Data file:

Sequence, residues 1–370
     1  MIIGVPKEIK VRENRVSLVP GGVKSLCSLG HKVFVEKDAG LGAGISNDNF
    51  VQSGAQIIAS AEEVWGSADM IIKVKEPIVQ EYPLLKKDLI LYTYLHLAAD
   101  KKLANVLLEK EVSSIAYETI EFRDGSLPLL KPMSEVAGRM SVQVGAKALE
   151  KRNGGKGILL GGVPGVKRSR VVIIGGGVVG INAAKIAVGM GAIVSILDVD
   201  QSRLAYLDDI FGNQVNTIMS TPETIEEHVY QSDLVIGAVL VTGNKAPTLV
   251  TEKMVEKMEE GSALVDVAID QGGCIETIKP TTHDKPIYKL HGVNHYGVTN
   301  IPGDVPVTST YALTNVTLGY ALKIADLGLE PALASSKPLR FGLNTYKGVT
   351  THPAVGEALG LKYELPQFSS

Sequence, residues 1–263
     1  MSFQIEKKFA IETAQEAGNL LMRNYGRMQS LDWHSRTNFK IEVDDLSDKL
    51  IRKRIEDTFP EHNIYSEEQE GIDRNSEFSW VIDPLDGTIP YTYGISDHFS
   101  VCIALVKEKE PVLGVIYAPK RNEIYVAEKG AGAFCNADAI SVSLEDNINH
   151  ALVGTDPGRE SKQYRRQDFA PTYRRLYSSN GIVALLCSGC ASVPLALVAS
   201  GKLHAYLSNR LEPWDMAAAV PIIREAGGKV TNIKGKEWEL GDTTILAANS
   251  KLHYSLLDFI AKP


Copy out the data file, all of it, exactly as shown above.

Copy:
Sequence, residues 1–370
     1  MIIGVPKEIK VRENRVSLVP GGVKSLCSLG HKVFVEKDAG LGAGISNDNF
    51  VQSGAQIIAS AEEVWGSADM IIKVKEPIVQ EYPLLKKDLI LYTYLHLAAD
   101  KKLANVLLEK EVSSIAYETI EFRDGSLPLL KPMSEVAGRM SVQVGAKALE
   151  KRNGGKGILL GGVPGVKRSR VVIIGGGVVG INAAKIAVGM GAIVSILDVD
   201  QSRLAYLDDI FGNQVNTIMS TPETIEEHVY QSDLVIGAVL VTGNKAPTLV
   251  TEKMVEKMEE GSALVDVAID QGGCIETIKP TTHDKPIYKL HGVNHYGVTN
   301  IPGDVPVTST YALTNVTLGY ALKIADLGLE PALASSKPLR FGLNTYKGVT
   351  THPAVGEALG LKYELPQFSS

Sequence, residues 1–263
     1  MSFQIEKKFA IETAQEAGNL LMRNYGRMQS LDWHSRTNFK IEVDDLSDKL
    51  IRKRIEDTFP EHNIYSEEQE GIDRNSEFSW VIDPLDGTIP YTYGISDHFS
   101  VCIALVKEKE PVLGVIYAPK RNEIYVAEKG AGAFCNADAI SVSLEDNINH
   151  ALVGTDPGRE SKQYRRQDFA PTYRRLYSSN GIVALLCSGC ASVPLALVAS
   201  GKLHAYLSNR LEPWDMAAAV PIIREAGGKV TNIKGKEWEL GDTTILAANS
   251  KLHYSLLDFI AKP